"Senate Signs Off on School Scholarship Plan" was first published by The Texas Tribune, a nonprofit, nonpartisan media organization that informs Texans — and engages with them — about public policy, politics, government and statewide issues.
The Texas Senate on Tuesday signed off on legislation that could let some low-income families move their kids from public school to private school — a bill that GOP leaders were quick to distance from school vouchers.
"This is not a voucher bill," state Sen. Larry Taylor, R-Friendswood, said after the final vote. "It simply moves private money from entities and individuals to student scholarships."
Senate Bill 4, which would use state tax credits to entice up to $100 million in business donations to fund the public-to-private scholarship program, passed with an 18-12 vote. Two Republicans, Konni Burton of Colleyville and Robert Nichols of Jacksonville, cast votes against the measure while a single Democrat, Eddie Lucio of Brownsville, voted in favor of it.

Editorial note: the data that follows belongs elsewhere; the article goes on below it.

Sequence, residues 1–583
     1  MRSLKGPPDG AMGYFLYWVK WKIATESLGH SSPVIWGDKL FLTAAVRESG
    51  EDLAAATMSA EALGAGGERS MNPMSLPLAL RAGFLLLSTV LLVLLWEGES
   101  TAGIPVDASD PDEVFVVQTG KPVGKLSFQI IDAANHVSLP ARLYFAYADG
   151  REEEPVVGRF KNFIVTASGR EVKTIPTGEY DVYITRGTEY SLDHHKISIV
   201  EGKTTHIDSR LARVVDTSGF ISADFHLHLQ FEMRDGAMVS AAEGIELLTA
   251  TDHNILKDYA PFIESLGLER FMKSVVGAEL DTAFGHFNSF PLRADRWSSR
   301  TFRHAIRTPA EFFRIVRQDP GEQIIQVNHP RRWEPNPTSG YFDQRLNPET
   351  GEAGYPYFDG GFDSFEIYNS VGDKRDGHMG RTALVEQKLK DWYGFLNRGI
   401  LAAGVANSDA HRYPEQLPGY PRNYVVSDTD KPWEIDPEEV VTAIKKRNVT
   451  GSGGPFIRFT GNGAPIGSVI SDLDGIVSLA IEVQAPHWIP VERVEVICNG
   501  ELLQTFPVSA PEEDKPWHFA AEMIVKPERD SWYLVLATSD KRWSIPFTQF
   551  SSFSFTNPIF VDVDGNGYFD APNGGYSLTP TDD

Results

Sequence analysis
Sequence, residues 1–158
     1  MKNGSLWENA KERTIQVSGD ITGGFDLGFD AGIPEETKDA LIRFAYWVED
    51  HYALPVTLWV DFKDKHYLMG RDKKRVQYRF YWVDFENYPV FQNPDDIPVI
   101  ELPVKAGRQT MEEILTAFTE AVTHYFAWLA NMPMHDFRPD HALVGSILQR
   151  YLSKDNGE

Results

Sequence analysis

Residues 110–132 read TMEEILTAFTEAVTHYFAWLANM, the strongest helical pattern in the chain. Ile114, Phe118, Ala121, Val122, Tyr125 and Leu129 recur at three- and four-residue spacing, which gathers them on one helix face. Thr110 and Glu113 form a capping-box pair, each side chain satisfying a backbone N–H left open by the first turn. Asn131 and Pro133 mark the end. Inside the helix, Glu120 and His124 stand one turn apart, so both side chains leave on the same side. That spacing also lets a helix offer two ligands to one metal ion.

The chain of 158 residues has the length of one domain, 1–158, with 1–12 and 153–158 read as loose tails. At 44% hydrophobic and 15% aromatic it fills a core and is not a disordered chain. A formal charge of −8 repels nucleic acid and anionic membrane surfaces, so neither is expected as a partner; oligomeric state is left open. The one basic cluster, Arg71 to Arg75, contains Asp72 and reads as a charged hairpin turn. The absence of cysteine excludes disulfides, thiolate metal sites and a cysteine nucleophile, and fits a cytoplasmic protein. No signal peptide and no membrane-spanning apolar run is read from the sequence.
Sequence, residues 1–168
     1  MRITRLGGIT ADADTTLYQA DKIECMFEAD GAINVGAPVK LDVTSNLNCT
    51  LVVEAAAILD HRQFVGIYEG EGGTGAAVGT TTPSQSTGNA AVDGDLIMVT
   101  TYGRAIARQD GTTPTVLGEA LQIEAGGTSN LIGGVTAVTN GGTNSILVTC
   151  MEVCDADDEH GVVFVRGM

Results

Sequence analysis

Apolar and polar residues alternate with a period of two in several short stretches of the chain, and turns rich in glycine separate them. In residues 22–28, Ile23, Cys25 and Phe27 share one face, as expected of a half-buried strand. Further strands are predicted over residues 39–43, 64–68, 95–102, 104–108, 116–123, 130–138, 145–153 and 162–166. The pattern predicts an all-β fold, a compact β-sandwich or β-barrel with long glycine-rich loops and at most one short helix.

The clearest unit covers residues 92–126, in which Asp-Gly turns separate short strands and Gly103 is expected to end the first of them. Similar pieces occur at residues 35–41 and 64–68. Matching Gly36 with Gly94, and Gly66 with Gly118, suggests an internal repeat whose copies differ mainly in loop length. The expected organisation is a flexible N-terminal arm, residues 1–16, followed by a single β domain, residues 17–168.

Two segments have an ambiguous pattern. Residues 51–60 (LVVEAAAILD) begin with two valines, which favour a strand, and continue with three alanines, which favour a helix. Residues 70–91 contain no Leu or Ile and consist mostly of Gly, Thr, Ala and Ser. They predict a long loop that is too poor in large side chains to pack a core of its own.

Under the scholarship program, the only students who qualify are those who are special needs, or who have low-income parents and currently attend public schools with an enrollment of more than 100 in counties of more than 50,000 people. To participate, private schools would have to be accredited and administer a nationally recognized standardized exam annually.
During debate on the bill on Monday — when the measure came up for an initial vote — Democrats raised concerns over the plan, arguing that it diverted money that would otherwise go to public education to an unaccountable private school system.
Proponents of the bill insist that the legislation should not be considered a private school voucher program — a notion that has proved politically toxic in the Legislature.
But the measure is already facing opposition from education advocacy groups, which are calling the scholarship a voucher by another name.
"We have people who are pushing back against any type of innovations," Taylor said.
On Tuesday, the education advocacy group Raise Your Hand Texas launched an online video campaign linking tax credits to vouchers that the group says hurt Texas students.
The legislation now heads to the House.
Morgan Smith contributed reporting to this story.